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  1. Seeing is Believing' and 'Believing is Seeing.Elisabeth Schellekens - 2005 - Acta Analytica 20 (4):10-23.
    The principal concern of my paper is a distinction between two ways of appreciating works of art, characterised here in terms of the phrases ‘seeing is believing’ and ‘believing is seeing’. I examine this distinction in the light of an epistemological requirement at times at least grounded in what David Davies, in his Art as Performance , refers to as the ‘common sense theory of art appreciation’ in order to assess exactly what aspect of the philosophical approach generally known as (...)
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  • Pluralism, Imagination and Estrangement.Lisa Rivera - 2006 - Philosophical Papers 35 (3):327-365.
    This paper argues that the diversity of conflicting comprehensive doctrines in liberal pluralist societies raises a problem of estrangement between citizens and the basic structure of society that Rawls' version of political liberalism does not successfully solve. 'Political estrangement' occurs when someone refuses to accept a political outcome that favors a comprehensive doctrine she rejects, based on what she imagines, correctly or incorrectly, to be true of her fellow citizens' comprehensive doctrines and their effect on political outcomes. Rawls argues that (...)
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  • Affective Responses, Normative Requirements, and Ethical-Aesthetic Interaction.Steven A. Jauss - 2008 - Philosophia 36 (3):285-298.
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  • Cognitivism and the Arts.John Gibson - 2008 - Philosophy Compass 3 (4):573-589.
    Cognitivism in respect to the arts refers to a constellation of positions that share in common the idea that artworks often bear, in addition to aesthetic value, a significant kind of cognitive value. In this paper I concentrate on three things: (i) the challenge of understanding exactly what one must do if one wishes to defend a cognitivist view of the arts; (ii) common anti-cognitivist arguments; and (iii) promising recent attempts to defend cognitivism.
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  • Imagining and Fiction: Some Issues.Kathleen Stock - 2013 - Philosophy Compass 8 (10):887-896.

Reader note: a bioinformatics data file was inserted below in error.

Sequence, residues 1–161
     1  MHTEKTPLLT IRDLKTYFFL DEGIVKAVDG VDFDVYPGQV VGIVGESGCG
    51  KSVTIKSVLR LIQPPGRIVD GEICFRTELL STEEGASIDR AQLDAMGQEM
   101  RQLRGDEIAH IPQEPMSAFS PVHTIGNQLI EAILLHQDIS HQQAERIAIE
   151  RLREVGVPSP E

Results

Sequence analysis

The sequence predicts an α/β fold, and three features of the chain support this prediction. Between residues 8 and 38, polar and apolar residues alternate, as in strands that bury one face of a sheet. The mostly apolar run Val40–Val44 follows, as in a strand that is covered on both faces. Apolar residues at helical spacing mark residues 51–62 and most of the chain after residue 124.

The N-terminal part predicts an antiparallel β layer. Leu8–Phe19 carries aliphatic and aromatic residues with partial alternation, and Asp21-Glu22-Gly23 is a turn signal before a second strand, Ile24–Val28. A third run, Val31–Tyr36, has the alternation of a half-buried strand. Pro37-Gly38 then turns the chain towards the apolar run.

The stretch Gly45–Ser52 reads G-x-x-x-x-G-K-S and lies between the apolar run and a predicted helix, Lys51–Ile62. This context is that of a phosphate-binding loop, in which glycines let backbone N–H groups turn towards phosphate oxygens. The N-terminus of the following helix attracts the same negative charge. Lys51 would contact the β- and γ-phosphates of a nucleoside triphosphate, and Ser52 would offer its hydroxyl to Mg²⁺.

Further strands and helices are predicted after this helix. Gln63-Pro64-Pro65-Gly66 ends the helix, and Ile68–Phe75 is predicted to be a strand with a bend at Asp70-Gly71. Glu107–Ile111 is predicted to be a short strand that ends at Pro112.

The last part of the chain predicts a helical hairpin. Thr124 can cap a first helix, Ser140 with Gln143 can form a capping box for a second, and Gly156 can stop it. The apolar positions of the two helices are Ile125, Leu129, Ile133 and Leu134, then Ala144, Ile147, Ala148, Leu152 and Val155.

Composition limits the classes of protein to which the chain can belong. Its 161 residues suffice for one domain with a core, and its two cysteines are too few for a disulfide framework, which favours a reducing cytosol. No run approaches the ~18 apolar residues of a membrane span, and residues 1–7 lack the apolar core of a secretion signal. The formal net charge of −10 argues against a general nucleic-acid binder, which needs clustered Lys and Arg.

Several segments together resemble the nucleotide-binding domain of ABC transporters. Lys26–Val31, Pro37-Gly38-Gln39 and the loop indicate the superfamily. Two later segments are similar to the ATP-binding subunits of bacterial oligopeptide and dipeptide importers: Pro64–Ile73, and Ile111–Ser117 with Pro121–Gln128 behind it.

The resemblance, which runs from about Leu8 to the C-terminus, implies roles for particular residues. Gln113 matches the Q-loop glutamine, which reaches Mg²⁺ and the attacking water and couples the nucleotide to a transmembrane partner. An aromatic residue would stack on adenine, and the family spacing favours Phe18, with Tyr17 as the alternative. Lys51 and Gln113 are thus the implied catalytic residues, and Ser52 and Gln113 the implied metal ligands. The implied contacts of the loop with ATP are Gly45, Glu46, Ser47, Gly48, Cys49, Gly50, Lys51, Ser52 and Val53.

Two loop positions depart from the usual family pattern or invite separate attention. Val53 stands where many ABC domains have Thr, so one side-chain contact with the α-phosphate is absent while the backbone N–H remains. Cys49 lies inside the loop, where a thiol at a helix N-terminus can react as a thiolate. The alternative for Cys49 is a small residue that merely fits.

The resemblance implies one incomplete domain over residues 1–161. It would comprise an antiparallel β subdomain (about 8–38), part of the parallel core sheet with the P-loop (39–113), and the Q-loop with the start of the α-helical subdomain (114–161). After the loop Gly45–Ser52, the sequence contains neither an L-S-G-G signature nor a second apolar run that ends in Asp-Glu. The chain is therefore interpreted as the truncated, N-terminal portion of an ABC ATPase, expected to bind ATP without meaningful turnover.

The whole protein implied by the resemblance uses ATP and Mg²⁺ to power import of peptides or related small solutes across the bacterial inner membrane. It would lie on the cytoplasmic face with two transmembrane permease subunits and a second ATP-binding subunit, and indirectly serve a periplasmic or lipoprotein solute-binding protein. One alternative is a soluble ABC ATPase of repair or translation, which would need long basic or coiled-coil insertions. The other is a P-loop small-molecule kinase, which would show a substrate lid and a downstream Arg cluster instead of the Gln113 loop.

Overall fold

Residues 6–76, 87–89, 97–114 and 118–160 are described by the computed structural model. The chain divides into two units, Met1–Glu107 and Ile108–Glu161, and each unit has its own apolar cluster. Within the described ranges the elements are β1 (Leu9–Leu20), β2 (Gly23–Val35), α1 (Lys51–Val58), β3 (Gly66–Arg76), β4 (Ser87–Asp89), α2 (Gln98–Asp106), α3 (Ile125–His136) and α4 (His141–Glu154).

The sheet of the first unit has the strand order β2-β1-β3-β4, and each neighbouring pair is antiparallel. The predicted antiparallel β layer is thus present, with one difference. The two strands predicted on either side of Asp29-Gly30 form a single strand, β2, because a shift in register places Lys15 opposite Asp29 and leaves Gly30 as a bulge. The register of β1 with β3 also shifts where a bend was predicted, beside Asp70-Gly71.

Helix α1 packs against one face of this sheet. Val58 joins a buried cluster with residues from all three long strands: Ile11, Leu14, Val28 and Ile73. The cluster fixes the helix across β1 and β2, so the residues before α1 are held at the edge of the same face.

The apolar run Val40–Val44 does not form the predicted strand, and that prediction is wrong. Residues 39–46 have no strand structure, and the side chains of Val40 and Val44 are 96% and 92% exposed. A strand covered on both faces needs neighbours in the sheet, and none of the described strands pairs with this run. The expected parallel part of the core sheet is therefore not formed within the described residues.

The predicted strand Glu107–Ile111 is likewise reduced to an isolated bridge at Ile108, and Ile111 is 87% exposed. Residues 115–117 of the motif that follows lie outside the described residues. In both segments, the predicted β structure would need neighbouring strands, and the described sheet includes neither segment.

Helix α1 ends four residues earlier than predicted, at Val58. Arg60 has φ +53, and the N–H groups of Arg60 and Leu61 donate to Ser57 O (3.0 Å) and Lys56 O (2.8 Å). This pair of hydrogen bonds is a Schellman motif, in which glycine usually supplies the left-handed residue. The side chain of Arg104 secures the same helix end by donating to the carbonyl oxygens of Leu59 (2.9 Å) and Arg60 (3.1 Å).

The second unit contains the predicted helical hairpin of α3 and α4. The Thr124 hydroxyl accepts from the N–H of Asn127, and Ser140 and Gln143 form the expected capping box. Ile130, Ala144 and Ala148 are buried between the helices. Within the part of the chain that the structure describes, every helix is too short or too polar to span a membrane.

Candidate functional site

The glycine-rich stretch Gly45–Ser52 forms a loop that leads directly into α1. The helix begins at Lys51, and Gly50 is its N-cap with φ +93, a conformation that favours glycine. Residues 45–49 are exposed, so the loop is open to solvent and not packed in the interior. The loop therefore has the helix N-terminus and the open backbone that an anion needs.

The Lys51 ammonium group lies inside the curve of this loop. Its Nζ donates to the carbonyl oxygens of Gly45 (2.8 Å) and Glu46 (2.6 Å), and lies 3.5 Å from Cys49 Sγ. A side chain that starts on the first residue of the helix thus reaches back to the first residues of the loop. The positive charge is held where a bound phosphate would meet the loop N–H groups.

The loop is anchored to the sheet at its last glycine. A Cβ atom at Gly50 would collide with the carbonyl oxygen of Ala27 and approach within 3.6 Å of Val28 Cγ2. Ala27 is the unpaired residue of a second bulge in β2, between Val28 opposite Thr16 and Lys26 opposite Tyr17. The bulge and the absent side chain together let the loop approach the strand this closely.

In this paper, I survey in some depth three issues arising from the connection between imagination and fiction: (i) whether fiction can be defined as such in terms of its prescribing imagining; (ii) whether imagining in response to fiction is de se, or de re, or both; (iii) the phenomenon of ‘imaginative resistance’ and various explanations for it. Along the way I survey, more briefly, several other prominent issues in this area too.
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  • The Narrative Practice Hypothesis: Clarifications and Implications.Daniel D. Hutto - 2008 - Philosophical Explorations 11 (3):175 – 192.
    The Narrative Practice Hypothesis (NPH) is a recently conceived, late entrant into the contest of trying to understand the basis of our mature folk psychological abilities, those involving our capacity to explain ourselves and comprehend others in terms of reasons. This paper aims to clarify its content, importance and scientific plausibility by: distinguishing its conceptual features from those of its rivals, articulating its philosophical significance, and commenting on its empirical prospects. I begin by clarifying the NPH's target explanandum and the (...)
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  • Imagining Crawling Home: A Case Study in Cognitive Science and Aesthetics.William P. Seeley - 2010 - Review of Philosophy and Psychology 1 (3):407-426.
    Philosophical accounts of narrative fiction can be loosely divided into two types. Participant accounts argue that some sort of simulation, or 1st person perspective taking plays a critical role in our engagement with narratives. Observer accounts argue to the contrary that we primarily engage narrative fictions from a 3rd person point of view, as either side participants or outside observers. Recent psychological research suggests a means to evaluate this debate. The perception of distance and slope is influenced by the energetic (...)
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